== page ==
Ultramarine is a deep blue color. The name was originally applied to a pigment made by grinding the semi-precious stone lapis lazuli into a powder. “Ultramarine” comes from the Latin for “beyond the sea”, a reference to the fact that the pigment was imported into Europe from Afghanistan by Italian traders.

10 Ad ___ : HOC

The Latin phrase “ad hoc” means “for this purpose”. An ad hoc committee, for example, is formed for a specific purpose and disbanded after making its final report.

12 One of the Astaires : ADELE

Fred Astaire’s real name was Frederick Austerlitz. Fred was from Omaha, Nebraska and before he made it big in the movies, he was one half of a celebrated music hall act with his sister Adele. The pair were particularly successful in the UK, and Adele ended up marrying into nobility in England, taking the name Lady Charles Cavendish.

13 Caterwauls : YOWLS

To caterwaul is to utter long cries, to “wail” like a “cat”.

24 Its name means “waterless place” in Mongolian : GOBI

The Gobi, the large desert in Asia, lies in northern China and southern Mongolia. It is growing at an alarming rate, particularly towards the south. This “desertification” is caused by increased human activity. The Chinese government is trying to halt the desert’s forward progress by planting great swaths of new forest, the so-called “Green Wall of China”. The name “Gobi” is Mongolian for “waterless place, semidesert”.

29 Number of graduates in the first class at West Point (1802) : TWO

West Point is a military reservation in New York State, located north of New York City. West Point was first occupied by the Continental Army way back in 1778, making it the longest, continually-occupied military post in the country. Cadet training has taken place at the garrison since 1794, although Congress funding for a US Military Academy (USMA) didn’t start until 1802. The first female cadets were admitted to West Point in 1976, and as of 2018, about 15% of all new cadets were women.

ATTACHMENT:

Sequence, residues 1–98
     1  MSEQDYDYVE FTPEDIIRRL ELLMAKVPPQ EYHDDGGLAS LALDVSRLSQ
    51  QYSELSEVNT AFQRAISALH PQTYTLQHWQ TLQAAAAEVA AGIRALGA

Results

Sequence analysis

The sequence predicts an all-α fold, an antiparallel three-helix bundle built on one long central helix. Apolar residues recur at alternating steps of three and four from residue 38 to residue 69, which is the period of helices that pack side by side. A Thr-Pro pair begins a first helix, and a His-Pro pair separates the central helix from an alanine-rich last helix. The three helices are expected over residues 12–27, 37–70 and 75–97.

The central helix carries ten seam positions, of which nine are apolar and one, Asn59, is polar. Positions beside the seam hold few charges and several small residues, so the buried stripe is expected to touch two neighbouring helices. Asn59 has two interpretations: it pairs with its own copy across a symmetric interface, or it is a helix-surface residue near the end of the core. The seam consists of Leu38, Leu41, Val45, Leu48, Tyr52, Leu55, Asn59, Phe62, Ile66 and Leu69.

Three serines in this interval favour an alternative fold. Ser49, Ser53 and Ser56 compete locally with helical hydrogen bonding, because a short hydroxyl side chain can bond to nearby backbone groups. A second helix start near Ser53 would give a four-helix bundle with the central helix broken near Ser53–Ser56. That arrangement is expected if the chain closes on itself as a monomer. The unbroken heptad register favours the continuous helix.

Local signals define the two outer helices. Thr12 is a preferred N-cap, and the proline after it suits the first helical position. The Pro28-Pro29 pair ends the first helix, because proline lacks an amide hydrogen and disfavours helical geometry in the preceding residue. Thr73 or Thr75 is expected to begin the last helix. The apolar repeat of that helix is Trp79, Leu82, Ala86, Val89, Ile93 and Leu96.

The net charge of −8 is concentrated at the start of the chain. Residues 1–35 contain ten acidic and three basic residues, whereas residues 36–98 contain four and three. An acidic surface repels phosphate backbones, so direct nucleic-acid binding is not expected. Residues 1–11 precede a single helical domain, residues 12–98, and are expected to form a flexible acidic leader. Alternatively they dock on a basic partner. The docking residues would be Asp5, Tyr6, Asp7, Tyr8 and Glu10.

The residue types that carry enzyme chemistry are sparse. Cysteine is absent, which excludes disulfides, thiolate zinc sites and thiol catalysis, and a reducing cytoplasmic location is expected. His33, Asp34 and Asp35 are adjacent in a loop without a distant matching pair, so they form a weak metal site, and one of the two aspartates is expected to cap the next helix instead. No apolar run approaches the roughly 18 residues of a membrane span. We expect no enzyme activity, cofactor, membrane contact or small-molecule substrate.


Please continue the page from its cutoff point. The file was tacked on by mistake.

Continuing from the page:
33 Writer Umberto : ECO

Umberto Eco was an Italian writer who is probably best known for his novel “The Name of the Rose”, published in 1980. In 1986, “The Name of the Rose” was adapted into a movie with the same title starring Sean Connery.

39 Animal whose brain has the most gray matter of any mammal : ORCA

Gray matter and white matter are the two components of the central nervous system. Gray matter is mainly made up of neurons, and white matter is largely made of axons, the projections of the neurons that form nerve fibers.

50 Frome of fiction : ETHAN

“Ethan Frome” is a novel by New York and Massachusetts author Edith Wharton, first published in 1911. Wharton started “Ethan Frome” as a composition in French that she wrote while studying the language in Paris. The novel was adapted into a 1993 film of the same name starring Liam Neeson in the title role, opposite Patricia Arquette.

51 Classical cover-ups : TOGAS

In ancient Rome, the color of a man’s toga could indicate the wearer’s social status. For example, a plain white toga (known as a “toga candida”) was worn by candidates for political office, while a “toga praetexta” with a purple border was worn by magistrates and certain priests. A “toga picta”, which was decorated with elaborate embroidery and gold trim, was reserved for victorious generals and triumphal processions.

53 Labor activist Chavez : CESAR

César Chávez was a Mexican-American farm worker, and co-founder of the union today known as the United Farm Workers. Chávez was born in Yuma, Arizona, but moved to California as a child with his family. He never attended high school, dropping out to become a full-time migrant farm worker. In 1944, at 17 years of age, he joined the US Navy and served for two years. 5-6 years after returning from the military, back working as a farm laborer, Chávez became politically active and rose to national attention as an articulate union leader during some high profile strikes. He is remembered annually here in California on his birthday, March 31, which is a state holiday.

57 “___ 18” (novel by Leon Uris) : MILA